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Recently, many countries, such as the United States, China, and India, have tightened regulations on virtual assets. In the case of China, even mining is banned and strict regulations are enforced at the level of withdrawal.

In Korea, too, according to the revision of the Specific Act, virtual asset business cannot be conducted unless it is reported as a virtual asset business operator by September.



What is the progress of virtual asset regulation in major countries?



List of countries where virtual assets are banned


US, EU – Separation of securities-type and non-securities-type virtual assets

The United States and the EU separate and regulate virtual assets into ‘securities-type’ and ‘non-securities-type’. In both, securities-type virtual assets are regulated by the existing securities laws, but non-security virtual assets are different.

The US is regulated by the Commodity Futures Trading Commission (CFTC). On the other hand, the EU plans to introduce and apply the Markets in Crypto-assets (MiCA)' that will be applied to all 27 EU member countries by 2024.


In other words, in the case of the United States, there is no separate virtual asset-related law, and the existing commodity transaction laws are being used. Therefore, criticism has been raised that the regulation on it is loose.



The US is building a regulatory system for virtual assets, including the suspension of the launch of exchange traded funds (ETFs)

and mandatory reporting of all transactions over $10,000 to the National Tax Service


Of course, since the States has the largest market for it in the world, it is expected that such criticism will be quickly replenished. In addition, stricter regulations and judgments on securities and non-securities virtual assets are expected to become more concrete.

What is worrisome, however, is that the Biden administration's virtual asset regulations focus solely on national security, such as China's central bank digital currency (CBDC) and ransomware attacks, rather than it markets and commodities. Experts are of the opinion that clear and consistent regulations are needed.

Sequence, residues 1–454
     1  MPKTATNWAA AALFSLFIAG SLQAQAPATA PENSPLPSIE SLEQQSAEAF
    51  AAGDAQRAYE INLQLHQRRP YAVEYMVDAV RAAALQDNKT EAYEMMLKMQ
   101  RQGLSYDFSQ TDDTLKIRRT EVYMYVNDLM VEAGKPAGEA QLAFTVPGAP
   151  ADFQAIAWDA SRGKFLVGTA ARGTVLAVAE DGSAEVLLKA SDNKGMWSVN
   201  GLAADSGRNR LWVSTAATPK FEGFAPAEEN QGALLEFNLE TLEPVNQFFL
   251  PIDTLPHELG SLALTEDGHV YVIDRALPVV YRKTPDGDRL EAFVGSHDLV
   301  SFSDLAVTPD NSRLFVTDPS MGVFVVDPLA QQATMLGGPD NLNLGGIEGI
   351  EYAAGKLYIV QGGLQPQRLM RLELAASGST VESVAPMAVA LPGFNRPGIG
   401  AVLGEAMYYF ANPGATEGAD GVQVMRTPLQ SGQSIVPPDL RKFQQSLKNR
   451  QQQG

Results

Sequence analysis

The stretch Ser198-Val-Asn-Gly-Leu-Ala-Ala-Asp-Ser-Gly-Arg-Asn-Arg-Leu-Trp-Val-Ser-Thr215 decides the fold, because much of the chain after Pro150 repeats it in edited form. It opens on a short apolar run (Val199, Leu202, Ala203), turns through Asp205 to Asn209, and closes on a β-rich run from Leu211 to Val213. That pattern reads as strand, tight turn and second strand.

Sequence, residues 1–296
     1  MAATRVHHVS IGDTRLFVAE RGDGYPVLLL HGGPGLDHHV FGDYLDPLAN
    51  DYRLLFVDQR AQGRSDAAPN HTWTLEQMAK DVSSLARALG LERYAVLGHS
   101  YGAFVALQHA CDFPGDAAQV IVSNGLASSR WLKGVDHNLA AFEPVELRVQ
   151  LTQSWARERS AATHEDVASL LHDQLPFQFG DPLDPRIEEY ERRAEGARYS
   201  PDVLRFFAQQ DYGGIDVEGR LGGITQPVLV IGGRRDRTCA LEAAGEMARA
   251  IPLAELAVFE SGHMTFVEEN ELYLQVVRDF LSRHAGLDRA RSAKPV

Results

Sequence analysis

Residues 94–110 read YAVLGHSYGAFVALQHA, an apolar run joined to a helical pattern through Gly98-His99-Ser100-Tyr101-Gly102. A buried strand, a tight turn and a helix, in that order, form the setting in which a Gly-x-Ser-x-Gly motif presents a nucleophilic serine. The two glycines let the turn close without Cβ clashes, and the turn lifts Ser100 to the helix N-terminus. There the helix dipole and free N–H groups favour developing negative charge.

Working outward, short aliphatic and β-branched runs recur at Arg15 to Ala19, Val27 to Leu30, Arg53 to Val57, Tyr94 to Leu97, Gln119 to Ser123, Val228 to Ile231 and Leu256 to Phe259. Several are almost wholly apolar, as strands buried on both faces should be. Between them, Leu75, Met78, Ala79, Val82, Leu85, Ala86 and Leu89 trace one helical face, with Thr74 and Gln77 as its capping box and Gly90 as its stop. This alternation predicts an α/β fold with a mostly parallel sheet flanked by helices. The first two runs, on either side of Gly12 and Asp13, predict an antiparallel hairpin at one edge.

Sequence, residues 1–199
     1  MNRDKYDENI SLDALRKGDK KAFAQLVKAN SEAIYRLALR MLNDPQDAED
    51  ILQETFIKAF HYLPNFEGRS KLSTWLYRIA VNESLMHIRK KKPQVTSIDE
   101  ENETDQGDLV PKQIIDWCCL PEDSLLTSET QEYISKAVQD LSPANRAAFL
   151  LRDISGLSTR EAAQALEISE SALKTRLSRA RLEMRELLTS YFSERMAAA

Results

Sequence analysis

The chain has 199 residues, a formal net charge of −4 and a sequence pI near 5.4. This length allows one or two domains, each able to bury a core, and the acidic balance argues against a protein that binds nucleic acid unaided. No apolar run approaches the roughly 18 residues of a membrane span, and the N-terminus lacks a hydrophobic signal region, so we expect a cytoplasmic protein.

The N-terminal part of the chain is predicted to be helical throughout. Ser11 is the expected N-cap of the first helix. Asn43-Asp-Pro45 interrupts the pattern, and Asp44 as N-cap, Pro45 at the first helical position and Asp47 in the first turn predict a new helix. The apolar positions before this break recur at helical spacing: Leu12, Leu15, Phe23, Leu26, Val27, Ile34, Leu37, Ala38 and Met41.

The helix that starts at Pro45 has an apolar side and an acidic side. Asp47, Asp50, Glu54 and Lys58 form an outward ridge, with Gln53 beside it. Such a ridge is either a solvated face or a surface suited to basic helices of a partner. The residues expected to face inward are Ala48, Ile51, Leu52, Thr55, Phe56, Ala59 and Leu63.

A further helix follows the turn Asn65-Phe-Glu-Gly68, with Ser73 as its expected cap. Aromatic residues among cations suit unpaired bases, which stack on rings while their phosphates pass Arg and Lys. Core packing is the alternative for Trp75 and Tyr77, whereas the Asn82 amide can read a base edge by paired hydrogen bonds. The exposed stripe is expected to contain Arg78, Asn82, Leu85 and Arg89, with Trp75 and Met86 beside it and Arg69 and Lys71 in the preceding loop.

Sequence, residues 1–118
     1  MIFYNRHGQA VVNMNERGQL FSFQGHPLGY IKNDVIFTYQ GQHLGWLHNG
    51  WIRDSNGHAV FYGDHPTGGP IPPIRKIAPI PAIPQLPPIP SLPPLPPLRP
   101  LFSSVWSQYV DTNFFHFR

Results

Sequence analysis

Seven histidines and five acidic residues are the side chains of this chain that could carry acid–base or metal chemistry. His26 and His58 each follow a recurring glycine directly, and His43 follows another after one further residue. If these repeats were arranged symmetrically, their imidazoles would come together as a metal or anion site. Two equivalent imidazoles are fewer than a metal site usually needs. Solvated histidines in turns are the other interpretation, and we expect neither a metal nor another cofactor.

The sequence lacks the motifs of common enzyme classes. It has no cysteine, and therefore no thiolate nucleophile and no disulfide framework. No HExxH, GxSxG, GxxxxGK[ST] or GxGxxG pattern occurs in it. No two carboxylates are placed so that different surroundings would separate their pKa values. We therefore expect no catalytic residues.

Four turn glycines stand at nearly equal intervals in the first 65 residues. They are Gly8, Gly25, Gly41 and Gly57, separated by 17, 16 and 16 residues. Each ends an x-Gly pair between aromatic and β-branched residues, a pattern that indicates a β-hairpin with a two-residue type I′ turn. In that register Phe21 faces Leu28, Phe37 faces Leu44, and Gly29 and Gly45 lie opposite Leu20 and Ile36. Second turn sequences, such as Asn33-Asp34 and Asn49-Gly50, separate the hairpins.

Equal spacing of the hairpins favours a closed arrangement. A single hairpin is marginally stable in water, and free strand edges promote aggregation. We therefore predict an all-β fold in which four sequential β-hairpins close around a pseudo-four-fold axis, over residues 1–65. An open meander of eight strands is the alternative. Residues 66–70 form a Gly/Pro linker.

Experts evaluate the EU's virtual asset regulation as the most ideal legalization model


On the contrary, the MiCA, which the EU is planning to introduce, manages the transaction process more comprehensively than the US Commodity Exchange Act. Issuer regulation, disclosure obligation, unfair trade, etc. are subject to regulation. Also anyone who engages in market price manipulation or insider trading with the publisher obligated to disclose information related to inside information and sanctions, as well as the obligation to publish white papers and good faith, will be punished.

In addition, they introduce a ‘Sandbox’ that flexibly applies regulations to experiments attempted in a systematic and strict supervisory environment, and establish a system to help understand the risks of virtual assets.

Depending on the level of risk of virtual assets, the strength of regulation also varies. If the ripple effect of global virtual assets such as Facebook's Libra is large, it is subject to high-strength regulations.



Japan suffered from the Mt. Gox hacking, the world's largest virtual asset exchange at the time, in 2013, and quickly discussed the institutionalization and regulation of countable assets.

In 2018, the Financial Services Agency of Japan certifies the Japan Virtual and Crypto asset Exchange Association (JVCEA) as a self-regulatory institution under the Fund Settlement Act and announced a plan to strengthen the exchange registration review process. In other words, it means that the industry is primarily managed through self-regulation.


The association carries out monitoring functions for member companies, including granting the authority to inspect and suspend member companies' qualifications, prepare an investor protection fund, and make it mandatory to hold safe assets such as bank deposits and government bonds.




However, the general consensus is that the JVCEA is actually being moved by the blow of the authorities, and it is evaluated that the Financial Instrument Transaction Act, which applies to all virtual assets, has become useless as the bill is revised whenever problems arise.